|random thoughts and thoroughbred selections|
|"All life is 6-5 against" - Damon Runyon|
Sunday, January 25, 2009
Borrowed Ego or a Reflected Halo
(Just some ramblings. Ignore me.)
I think one of the major attractions of the site all along has been this kind of conspiratorial or personal effect it has on people. It's very one-on-one, I think, for most people.
So, Iggy sent an interview with a writer from "Television Without Pity" my way, and asked me what I thought. A couple things... first off, I don't read TWoP, so I don't know who this guy is. Second, I'm not really a "writer." I'm a lot of things, and I was a lot of other things, but I don't think of myself as a "writer." Someone who writes, sure. But not a writer. Seriously.
I just thought there were some interesting ideas in this interview. Some about community and the perceived (or, in this guy's case, deigned) authority within them, and a little about engaging with your passions.
Like the clip above... One of the major attactions of this community, at least early on, was the personal effect it had on all of us. Support, anger management, the exchange of ideas, it was a club we all felt a stake in from the minute we left our first comment or posted our first hand history.
Anyway, let me clip and comment.
And more than that, I'm really, really tired of "snark." I don't think there are many of us that are capable, or interested, in turning out boilerplate "snark." If you want to hear the same jokes you've been hearing for ten years, you're going to need to look to someone less original or interesting than the current staff. We've done snark. We've done "guilty pleasure." We can do that shit in our sleep.
Working for AJ during the Oddjack era was really good for me in this regard. Snark is easy, lazy writing. Finding different angles from which to mine the humor is much harder. I'm not saying that I'm a fully realized human being of hilarity after five months under his wing or anything, but I can confidently say that I had to work to flex some different muscles to find the funny during my time there. The hardest thing to do well regularly was the early morning link post. I had to find (usually) five different articles online, and use no more than ten to fifteen words to hit my joke for each. Try writing five of those a week without falling back on the easy joke every time, and eventually you'll find nooks and crannies in your sense of humor that you never knew were there. There were people who didn't much care for what was going on with OJ, but I think anyone who sums up the tone there as "snarky" is missing the point just a little bit. This wasn't the National Lampoon, I'll admit, but it was a pretty solid experience working with an editor who was truly funny in inventive ways, and had no problem at all calling me out for not keeping up if I got lazy.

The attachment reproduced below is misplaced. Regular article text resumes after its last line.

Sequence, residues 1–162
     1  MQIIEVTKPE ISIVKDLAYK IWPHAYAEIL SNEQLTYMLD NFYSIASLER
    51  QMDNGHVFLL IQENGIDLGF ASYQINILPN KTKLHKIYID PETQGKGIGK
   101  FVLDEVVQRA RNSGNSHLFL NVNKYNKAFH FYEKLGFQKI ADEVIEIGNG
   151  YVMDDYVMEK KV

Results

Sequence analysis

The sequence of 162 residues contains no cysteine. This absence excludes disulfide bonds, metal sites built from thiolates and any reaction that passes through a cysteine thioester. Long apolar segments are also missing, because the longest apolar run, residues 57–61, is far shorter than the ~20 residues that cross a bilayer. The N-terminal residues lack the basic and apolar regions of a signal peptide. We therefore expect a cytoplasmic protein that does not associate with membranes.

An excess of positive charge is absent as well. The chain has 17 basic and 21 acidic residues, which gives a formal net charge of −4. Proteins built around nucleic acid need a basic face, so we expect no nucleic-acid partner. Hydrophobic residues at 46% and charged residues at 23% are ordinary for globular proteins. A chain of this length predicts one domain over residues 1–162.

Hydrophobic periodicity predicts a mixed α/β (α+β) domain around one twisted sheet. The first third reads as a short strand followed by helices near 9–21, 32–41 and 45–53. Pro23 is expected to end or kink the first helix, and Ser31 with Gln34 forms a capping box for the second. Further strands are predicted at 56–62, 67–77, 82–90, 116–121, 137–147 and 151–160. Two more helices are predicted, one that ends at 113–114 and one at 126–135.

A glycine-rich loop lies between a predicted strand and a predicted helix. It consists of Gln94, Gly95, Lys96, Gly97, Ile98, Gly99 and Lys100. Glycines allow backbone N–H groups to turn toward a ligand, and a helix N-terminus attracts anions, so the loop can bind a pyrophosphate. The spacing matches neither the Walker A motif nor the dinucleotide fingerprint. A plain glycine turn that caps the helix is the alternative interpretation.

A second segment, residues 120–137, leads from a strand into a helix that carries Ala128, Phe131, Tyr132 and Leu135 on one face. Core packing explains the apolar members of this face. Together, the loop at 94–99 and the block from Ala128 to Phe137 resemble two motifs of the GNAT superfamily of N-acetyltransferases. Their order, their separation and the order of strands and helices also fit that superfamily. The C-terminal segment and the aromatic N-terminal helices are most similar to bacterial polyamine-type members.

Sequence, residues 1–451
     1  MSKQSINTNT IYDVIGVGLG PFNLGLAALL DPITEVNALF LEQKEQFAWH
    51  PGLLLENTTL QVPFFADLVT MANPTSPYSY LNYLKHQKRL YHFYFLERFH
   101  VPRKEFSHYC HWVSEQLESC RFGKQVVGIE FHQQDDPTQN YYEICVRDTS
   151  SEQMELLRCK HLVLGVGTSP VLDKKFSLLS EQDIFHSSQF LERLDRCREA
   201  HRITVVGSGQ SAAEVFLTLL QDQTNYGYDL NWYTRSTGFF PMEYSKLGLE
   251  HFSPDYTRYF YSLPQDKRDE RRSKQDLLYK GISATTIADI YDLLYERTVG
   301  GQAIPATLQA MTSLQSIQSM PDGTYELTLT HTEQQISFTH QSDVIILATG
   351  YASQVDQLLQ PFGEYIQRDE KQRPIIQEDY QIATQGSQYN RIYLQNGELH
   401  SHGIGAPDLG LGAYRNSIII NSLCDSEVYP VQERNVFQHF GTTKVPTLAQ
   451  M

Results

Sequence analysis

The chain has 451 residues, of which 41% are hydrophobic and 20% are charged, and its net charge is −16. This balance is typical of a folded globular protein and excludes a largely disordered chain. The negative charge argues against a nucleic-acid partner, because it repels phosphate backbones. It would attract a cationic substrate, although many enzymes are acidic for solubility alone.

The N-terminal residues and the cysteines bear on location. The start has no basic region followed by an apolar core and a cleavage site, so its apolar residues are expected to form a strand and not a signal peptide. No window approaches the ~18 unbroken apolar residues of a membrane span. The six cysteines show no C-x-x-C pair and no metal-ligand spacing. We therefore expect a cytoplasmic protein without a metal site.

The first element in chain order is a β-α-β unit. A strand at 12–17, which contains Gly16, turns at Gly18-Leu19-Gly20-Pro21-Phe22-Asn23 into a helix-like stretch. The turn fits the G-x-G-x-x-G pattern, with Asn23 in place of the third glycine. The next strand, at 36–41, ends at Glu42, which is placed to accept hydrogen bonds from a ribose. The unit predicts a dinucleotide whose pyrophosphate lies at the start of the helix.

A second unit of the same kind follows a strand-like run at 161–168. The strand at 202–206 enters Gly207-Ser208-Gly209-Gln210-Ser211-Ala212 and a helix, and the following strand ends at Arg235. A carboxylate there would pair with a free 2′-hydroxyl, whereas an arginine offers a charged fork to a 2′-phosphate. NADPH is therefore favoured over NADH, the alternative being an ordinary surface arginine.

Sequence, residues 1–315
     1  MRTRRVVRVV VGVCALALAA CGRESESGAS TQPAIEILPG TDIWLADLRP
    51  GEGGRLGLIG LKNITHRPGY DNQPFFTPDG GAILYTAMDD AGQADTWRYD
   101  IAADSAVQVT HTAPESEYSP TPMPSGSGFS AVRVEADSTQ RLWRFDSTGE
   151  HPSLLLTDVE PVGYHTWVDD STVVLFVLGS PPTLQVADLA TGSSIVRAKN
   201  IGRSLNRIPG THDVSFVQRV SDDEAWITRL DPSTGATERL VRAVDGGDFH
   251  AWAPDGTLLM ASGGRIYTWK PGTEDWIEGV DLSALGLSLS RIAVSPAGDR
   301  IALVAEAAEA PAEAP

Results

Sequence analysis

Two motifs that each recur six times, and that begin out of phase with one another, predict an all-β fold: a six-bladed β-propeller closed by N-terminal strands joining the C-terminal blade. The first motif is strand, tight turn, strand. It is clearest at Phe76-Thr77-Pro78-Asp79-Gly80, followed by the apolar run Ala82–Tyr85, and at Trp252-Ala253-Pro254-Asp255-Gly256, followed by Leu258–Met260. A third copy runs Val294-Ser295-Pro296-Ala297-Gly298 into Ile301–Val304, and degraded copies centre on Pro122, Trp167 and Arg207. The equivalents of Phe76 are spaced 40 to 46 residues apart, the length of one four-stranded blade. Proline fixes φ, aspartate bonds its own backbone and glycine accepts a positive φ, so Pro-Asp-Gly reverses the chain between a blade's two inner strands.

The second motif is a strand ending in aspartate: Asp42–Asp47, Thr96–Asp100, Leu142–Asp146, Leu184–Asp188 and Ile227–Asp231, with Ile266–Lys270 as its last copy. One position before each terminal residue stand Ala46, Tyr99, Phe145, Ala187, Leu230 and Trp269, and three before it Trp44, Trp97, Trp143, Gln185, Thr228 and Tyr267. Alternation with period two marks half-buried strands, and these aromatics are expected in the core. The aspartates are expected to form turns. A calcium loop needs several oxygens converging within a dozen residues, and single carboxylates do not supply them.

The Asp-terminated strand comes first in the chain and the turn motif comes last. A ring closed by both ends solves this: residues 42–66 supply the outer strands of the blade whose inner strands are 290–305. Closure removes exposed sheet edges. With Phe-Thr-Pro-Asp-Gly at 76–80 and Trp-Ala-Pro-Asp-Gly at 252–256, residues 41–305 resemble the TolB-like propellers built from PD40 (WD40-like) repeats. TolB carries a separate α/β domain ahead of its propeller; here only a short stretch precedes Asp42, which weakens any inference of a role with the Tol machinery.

Sars always said (usually defending my psychotic ass) that "recaps don't mean one specific thing."
Nothing means anything. Fuck, what is it we're all doing here anyway? It's really just a form of mental masturbation. No one is creating high art, we're all using the form for whatever the hell we feel like trying to wring out of it at the moment. I'm honest, but I use hyperbole. This, of course, means that I'm lying. Except that I'm not. Not really. Whatever it is I'm trying to do at the moment, in the moment, is the larger point. And if the larger point is reinforced with lies, then what, exactly, is it but distractions and wankery?
I mean this honestly, by the way. There's not a goddamn thing I've done here in five or six years that's "important," and even a little variance takes away my ability to call any of this "truth."
None of this means one specific thing. It doesn't "mean" anything. Never has. Not to you, at least. I'm the only one who gets pleasure out of masturbation. That's the dictionary definition, you know. I can tell you whatever I want to, and so long as it fits the paradigm you expect and so long as I've set you up around my intent to elicit the intended response, then "what it means" is that I've manipulated you into thinking or sympathizing or whatever I was trying to do.
Don't take this to mean I am specifically "creating" with the intent to manipulate. That's not exactly true. It's just not exactly false. Everything is designed for something, it's just that what we do here on blogs is self-serving in nature. Nothing means anything to anyone but ourselves in that respect. What anyone takes away from someone else's blogging is just collateral damage, intentional or not.
(Disclaimer: the friendships that are an organic outgrowth of this community are clearly meaningful, it's just that blog posts don't have a distinct single meaning that belongs to the reader. That's the point.)
Q: What appeals to you about TWOP?
A: It is a community of people engaged in their entertainment. It is of prime importance to me, as an idealistic person, that people engage with their entertainment, and deliberate about what they are putting in their bodies. Not avoid any particular thing, or gorge on some other thing because it's intellectually trendy, but just to taste whatever it is with their whole tongue.